LOCATION: Ahmedabad, India
TYPE: Research & Analysis
PROJECT TEAM: Daisy Ames
These drawings are an analysis of Le Corbusier’s Villa Shodan, in Ahmedabad, India, completed in 1957. Villa Shodan was Le Corbusier’s last villa, so his work can be viewed through the lens of lateness - his attempt to break away or further evolve from a period of true innovation into another. Villa Shodan can be read as a culmination of early-Corbuisian tropes, revisited. His postwar work is devoid of planning entirely devoted to the grid, yet he adheres to elements of the grid to articulate spaces while still exploring notions of plasticity. The figure-ground relationship is challenged and reconstructed into numerous dialogues, creating ambiguity of figure planes and volumetric space.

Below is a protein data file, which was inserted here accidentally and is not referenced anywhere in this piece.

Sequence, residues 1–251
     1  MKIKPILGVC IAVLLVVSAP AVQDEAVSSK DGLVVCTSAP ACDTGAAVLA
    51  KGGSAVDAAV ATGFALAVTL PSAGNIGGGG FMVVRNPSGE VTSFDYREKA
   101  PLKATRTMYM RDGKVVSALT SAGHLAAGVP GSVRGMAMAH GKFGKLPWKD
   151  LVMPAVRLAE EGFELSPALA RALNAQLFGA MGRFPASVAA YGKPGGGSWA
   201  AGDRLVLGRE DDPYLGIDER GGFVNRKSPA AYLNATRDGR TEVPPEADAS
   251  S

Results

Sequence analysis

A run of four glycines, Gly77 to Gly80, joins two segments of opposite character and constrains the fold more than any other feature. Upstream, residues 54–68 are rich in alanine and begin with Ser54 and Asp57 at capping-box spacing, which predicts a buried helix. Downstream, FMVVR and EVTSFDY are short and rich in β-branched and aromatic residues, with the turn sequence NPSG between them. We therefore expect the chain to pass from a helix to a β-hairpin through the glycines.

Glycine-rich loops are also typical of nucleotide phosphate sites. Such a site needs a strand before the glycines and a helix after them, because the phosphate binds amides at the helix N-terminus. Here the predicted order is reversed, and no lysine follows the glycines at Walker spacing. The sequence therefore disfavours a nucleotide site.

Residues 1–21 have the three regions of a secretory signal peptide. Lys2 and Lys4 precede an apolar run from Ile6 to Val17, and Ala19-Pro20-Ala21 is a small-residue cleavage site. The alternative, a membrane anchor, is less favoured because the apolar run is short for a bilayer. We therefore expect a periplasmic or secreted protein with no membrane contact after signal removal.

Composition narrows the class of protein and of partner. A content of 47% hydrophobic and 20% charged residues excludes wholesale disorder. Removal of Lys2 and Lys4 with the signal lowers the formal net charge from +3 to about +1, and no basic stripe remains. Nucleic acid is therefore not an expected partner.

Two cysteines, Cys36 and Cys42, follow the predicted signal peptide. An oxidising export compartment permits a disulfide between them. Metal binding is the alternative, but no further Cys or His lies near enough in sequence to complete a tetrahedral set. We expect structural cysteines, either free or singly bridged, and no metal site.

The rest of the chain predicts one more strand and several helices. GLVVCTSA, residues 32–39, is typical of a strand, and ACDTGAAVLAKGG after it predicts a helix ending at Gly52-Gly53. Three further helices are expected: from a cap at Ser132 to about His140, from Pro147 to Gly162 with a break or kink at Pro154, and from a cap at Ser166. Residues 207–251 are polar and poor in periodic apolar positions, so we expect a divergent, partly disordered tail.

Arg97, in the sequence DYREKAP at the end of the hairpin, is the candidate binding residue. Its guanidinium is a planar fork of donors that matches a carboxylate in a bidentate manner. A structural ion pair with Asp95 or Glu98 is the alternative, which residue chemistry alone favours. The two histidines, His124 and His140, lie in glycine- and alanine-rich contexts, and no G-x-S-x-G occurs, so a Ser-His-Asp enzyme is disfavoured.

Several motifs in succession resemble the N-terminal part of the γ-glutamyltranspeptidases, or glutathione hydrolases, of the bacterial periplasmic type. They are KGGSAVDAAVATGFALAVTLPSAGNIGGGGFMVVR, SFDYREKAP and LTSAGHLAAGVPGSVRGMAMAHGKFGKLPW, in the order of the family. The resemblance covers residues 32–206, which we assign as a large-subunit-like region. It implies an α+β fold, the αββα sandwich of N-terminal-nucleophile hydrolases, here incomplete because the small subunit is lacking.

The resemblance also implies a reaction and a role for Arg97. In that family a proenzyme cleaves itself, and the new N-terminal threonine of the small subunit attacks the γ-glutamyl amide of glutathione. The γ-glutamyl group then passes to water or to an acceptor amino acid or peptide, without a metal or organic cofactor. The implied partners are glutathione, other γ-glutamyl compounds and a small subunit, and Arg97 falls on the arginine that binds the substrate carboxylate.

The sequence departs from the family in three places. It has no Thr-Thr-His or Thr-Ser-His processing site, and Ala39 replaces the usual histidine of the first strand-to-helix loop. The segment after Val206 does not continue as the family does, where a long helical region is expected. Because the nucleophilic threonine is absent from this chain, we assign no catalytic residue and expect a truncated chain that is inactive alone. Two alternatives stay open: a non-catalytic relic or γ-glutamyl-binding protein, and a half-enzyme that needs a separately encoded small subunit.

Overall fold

Delineation of figure, and thus the legibility of figure are informed by the concept of transparency which results in a denial of depth. The way in which Le Corbusier reinvents his earlier forms fosters multiple readings of layered space and volumetric manifestations. Villa Shodan cannot be read as one whole, a layering of vertical and horizontal planes or simply as interlocking volumes – it encompasses all of these things and constantly provides instances which encourage further inquiry. Le Corbusier’s design accomplishes a series of harmonious flowing spaces that are phenomenologically complex.